Over the past decade, both AR and VR have grown from mere entertainment novelties to game-changing educational tools. No longer confined to gaming parlors or tech expos, they’re now becoming classroom and industry staples, providing learners with immersive experiences that were once thought impossible. Let’s explore the potential of AR and VR in traditional education settings:

  • Enhanced Engagement: AR and VR can make learning more engaging by transforming passive learning experiences into active and immersive ones. For example, history classes can transport students to significant historical events, allowing them to witness history unfold before their eyes. Students can take advantage of new apps like Kinfolk to immerse themselves in historical communities, gaining insights into the values and visions of often-overlooked figures from Black, Brown, Indigenous, and Queer history. This experience not only enhances understanding but also fosters empathy and a deeper connection with the subject matter.
  • Simulated Experiments: In science and engineering education, VR can simulate experiments and scenarios that would be costly, dangerous, or otherwise impractical in the real world. Students can experiment with chemical reactions or explore the surface of Mars, all within a safe and controlled virtual environment.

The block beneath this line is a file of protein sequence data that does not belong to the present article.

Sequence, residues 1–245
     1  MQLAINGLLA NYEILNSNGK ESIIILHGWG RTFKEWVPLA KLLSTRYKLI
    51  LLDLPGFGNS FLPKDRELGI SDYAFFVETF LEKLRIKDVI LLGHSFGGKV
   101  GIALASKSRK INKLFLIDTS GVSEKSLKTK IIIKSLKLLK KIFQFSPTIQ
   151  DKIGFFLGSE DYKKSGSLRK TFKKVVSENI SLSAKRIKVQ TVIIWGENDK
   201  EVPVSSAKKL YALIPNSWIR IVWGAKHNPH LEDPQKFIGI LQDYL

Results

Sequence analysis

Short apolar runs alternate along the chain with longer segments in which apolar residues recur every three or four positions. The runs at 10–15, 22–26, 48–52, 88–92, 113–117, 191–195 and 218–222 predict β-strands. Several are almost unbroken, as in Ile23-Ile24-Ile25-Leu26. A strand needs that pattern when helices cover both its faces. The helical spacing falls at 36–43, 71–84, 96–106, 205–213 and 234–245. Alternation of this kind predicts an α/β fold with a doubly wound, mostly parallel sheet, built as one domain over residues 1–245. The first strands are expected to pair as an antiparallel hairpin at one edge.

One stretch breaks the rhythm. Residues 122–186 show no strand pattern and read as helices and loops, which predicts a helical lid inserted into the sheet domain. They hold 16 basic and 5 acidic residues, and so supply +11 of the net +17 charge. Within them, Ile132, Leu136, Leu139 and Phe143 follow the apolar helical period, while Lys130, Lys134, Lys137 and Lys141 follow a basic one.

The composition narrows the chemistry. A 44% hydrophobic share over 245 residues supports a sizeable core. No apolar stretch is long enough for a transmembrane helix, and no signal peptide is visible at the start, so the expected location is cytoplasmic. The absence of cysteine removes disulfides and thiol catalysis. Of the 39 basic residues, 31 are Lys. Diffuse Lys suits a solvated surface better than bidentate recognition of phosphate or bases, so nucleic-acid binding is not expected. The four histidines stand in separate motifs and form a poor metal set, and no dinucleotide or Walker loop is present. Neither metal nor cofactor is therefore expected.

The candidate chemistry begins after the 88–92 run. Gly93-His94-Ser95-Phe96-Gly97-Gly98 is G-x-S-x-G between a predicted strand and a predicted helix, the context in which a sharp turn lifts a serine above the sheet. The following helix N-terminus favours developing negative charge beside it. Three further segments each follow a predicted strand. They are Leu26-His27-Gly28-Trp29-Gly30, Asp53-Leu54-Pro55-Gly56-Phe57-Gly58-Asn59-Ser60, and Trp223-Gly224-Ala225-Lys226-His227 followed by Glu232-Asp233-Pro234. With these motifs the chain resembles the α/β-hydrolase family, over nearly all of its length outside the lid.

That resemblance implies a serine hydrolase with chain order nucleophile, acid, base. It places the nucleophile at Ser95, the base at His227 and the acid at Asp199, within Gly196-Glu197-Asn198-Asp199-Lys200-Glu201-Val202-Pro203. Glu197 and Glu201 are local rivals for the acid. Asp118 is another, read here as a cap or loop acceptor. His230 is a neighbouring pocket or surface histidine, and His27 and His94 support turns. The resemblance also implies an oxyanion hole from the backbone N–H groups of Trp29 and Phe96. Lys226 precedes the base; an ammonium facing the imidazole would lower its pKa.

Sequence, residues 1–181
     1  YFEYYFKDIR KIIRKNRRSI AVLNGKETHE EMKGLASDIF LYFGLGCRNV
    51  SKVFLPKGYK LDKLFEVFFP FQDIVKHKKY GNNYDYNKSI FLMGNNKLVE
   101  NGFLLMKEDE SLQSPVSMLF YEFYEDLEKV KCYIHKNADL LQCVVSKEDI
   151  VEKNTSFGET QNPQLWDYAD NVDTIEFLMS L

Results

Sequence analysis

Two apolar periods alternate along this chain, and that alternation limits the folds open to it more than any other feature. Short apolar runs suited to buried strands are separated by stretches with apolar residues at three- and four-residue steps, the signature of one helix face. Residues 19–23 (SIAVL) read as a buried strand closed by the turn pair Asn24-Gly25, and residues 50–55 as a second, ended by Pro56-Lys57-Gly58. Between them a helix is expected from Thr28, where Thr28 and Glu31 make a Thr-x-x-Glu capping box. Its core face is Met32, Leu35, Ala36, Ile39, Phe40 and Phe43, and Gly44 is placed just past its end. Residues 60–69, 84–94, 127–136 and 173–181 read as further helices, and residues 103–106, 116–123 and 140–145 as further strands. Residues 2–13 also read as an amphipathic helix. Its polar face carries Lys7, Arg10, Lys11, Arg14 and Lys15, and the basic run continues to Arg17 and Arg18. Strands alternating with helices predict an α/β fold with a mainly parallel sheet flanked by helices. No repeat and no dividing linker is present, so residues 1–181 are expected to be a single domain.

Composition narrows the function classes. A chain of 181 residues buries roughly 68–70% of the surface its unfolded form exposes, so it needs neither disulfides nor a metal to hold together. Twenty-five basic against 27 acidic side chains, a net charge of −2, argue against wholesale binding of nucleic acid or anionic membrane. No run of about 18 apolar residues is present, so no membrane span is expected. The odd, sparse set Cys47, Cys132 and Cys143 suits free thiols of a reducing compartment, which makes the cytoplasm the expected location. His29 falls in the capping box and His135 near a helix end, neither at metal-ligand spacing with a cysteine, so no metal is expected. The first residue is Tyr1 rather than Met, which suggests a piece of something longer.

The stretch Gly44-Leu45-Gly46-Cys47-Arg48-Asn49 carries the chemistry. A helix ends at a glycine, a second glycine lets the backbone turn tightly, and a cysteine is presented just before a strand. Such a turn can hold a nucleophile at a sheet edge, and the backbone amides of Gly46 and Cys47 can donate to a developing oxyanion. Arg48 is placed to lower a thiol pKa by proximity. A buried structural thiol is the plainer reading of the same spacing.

• Personalized Learning: AR and VR can cater to individual learning styles and paces. Learners can choose their preferred learning environments, adjust difficulty levels, and receive instant feedback, leading to a more personalized learning experience.
  • Accessibility and Inclusivity: AR and VR can provide accessible learning experiences for individuals with disabilities. For example, it can offer visually impaired students tactile and auditory cues, enabling them to interact with and understand complex concepts.


Practical Applications in Industry

 AR and VR aren’t limited to traditional education settings; they also have practical applications in industry training. Consider the following examples:

  • Workforce Training: Companies can use VR to simulate real workplace scenarios, allowing employees to practice tasks and problem-solving in a risk-free environment. This is particularly beneficial for jobs that involve high-risk activities.
  • Medical Training: Medical professionals can use VR to practice surgeries, diagnose patients, and learn about rare medical conditions in a controlled setting. This enhances their skills and reduces the margin for error in real-life situations. In fact, a recent study from Harvard Business Review showed that VR training “improved participants’ overall surgical performance by 230% compared with traditional training methods.” The VR-trained participants could complete procedures on average 20% faster and more accurately.